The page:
In a study published in the September issue of the journal Obstetrics and Gynecology, researchers found in 2011 and 2012 the reported maternal mortality rate for Texas doubled.
No other state had experienced a similar increase and researchers weren’t able to explain exactly why this happened. Since then, that group of researchers from around the country are doing a follow-up study aimed at figuring out what happened in Texas.
And a state task force – created by lawmakers a couple of years ago to answer questions specifically about the recent rise in maternal mortality – doesn’t know exactly what is happening.
“The work of the task force is really just beginning,” says Dr. Lisa Hollier, the chair of the Texas Maternal Mortality and Morbidity Task Force. “I think over the next year or two we will have significantly more information to help us understand the causes for the rising maternal mortality rate in Texas.”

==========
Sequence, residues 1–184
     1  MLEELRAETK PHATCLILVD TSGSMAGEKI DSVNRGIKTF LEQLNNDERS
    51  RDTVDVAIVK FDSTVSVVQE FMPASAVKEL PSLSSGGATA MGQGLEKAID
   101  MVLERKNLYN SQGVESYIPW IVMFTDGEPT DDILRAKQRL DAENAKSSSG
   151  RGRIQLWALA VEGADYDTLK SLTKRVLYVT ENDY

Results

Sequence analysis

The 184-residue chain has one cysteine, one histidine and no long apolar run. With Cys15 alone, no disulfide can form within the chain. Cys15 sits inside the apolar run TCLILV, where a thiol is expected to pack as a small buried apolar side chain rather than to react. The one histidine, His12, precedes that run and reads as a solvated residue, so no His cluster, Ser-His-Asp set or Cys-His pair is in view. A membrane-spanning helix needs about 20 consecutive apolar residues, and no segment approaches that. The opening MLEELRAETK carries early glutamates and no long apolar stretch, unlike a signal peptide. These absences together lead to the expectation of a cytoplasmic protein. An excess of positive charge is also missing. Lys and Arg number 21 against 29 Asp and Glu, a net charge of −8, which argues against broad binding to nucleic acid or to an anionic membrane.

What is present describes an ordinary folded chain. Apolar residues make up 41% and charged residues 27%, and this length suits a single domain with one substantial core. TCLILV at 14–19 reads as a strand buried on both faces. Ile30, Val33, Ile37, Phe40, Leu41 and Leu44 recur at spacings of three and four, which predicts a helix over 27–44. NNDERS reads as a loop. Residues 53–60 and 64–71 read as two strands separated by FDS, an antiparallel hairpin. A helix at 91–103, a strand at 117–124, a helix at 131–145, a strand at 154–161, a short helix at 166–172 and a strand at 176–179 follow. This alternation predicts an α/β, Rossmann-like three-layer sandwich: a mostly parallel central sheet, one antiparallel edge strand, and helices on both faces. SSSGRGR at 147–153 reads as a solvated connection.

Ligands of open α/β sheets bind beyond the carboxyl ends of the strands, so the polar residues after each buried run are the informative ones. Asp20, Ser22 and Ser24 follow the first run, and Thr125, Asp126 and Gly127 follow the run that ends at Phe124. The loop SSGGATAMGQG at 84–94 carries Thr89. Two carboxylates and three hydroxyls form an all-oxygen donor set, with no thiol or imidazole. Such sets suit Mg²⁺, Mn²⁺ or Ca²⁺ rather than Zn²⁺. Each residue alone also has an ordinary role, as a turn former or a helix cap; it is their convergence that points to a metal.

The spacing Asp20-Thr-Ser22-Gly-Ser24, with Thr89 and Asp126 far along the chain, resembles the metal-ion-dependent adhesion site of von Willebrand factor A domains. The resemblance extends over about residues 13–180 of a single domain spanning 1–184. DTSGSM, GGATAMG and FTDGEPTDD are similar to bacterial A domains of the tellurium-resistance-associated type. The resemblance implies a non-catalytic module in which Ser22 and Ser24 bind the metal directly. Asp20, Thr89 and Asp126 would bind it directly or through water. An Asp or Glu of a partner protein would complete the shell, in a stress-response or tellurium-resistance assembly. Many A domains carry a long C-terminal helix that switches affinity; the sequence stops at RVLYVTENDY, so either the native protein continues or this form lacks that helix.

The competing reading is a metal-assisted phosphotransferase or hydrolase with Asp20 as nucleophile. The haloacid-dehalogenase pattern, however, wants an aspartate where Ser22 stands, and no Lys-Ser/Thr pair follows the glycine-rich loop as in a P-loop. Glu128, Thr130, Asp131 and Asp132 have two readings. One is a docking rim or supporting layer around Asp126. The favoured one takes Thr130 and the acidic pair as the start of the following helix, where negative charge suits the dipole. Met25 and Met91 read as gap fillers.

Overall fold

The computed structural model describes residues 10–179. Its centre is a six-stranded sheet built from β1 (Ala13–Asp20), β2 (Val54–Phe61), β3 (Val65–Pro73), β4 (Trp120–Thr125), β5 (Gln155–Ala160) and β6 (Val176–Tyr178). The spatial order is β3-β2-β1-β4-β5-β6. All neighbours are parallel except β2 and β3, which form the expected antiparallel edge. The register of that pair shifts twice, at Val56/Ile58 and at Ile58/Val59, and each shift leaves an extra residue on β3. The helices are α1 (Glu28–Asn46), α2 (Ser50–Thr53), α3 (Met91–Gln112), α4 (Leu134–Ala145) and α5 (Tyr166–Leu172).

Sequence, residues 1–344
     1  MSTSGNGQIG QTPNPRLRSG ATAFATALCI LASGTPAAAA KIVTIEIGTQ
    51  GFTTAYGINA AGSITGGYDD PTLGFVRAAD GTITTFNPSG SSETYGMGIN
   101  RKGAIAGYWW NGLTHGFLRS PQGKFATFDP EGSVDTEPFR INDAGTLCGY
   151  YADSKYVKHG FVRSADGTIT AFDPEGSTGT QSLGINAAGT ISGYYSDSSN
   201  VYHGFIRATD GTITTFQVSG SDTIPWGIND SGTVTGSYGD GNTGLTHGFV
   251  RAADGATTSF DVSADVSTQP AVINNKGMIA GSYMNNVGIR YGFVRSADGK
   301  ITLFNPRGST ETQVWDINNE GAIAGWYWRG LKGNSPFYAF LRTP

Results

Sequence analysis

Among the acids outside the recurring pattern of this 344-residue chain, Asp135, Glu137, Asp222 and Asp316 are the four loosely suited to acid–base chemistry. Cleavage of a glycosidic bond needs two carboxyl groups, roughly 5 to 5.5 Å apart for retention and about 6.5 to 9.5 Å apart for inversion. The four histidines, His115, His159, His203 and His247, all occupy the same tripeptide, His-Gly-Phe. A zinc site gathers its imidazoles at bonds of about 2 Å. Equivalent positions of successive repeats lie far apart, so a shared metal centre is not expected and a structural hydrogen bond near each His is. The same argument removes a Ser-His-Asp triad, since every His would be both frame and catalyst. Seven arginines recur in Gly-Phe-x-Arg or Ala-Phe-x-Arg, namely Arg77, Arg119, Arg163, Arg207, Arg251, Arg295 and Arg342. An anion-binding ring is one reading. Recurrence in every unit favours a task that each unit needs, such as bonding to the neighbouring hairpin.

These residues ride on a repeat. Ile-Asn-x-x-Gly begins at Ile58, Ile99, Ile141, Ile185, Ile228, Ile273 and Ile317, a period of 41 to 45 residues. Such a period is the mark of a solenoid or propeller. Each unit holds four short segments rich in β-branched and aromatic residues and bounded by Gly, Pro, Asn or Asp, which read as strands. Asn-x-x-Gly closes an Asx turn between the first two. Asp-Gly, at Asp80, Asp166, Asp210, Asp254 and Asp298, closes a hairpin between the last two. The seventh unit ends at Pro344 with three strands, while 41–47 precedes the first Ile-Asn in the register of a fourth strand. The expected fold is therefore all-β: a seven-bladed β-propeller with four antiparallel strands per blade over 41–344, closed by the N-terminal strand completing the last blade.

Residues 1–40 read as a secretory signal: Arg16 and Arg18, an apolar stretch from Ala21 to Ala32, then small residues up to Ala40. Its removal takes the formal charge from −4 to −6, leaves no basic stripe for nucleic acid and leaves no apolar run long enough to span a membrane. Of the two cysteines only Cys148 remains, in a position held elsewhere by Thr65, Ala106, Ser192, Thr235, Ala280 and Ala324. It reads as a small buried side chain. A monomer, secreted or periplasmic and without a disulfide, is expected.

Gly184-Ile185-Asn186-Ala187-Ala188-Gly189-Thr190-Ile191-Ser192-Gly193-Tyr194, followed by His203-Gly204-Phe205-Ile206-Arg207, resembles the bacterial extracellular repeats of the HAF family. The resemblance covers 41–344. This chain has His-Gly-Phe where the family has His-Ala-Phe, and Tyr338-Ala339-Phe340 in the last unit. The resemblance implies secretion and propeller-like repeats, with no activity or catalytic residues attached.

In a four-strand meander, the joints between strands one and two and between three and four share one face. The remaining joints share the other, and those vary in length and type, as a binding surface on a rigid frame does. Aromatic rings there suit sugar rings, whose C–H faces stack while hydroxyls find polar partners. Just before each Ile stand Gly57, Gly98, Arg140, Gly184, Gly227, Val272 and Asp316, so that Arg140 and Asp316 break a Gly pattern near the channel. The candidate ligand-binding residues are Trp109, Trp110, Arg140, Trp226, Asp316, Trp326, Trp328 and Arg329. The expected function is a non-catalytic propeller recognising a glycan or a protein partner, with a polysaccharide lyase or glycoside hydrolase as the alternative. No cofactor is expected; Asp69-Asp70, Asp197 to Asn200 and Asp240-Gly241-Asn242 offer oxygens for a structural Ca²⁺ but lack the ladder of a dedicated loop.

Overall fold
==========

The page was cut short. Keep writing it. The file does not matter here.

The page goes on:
The task force does have some insights, though.
According to the report released last week, black women had the greatest risk for maternal death. They also found heart problems, drug use, and hypertension were causes of many of the maternal death in Texas. It was also reported a majority of maternal deaths recorded occurred more than 42 days after a woman gave birth.
But their study found another problem – and it had to with the data they were looking at.
“There was inconsistency in the quality of the investigations,” Hollier says.
During her research, Hollier saw some serious issues with how deaths are investigated and later categorized on a death certificate in Texas. She said at issue were some of the death inquests – all of which were not equally thorough and informative.